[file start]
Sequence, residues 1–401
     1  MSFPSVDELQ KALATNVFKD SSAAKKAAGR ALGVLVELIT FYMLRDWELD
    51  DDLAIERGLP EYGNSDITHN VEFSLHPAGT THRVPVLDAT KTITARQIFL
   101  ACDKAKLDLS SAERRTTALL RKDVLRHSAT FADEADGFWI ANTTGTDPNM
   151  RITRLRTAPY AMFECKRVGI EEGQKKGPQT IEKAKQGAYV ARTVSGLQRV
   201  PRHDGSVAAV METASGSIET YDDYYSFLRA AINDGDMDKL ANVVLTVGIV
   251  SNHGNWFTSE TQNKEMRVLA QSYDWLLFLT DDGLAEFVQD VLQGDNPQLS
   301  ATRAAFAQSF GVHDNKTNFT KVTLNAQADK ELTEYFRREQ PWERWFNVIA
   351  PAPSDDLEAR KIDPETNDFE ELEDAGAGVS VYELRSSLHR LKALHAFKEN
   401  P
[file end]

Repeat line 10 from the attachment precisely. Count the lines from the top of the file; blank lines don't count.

   401  P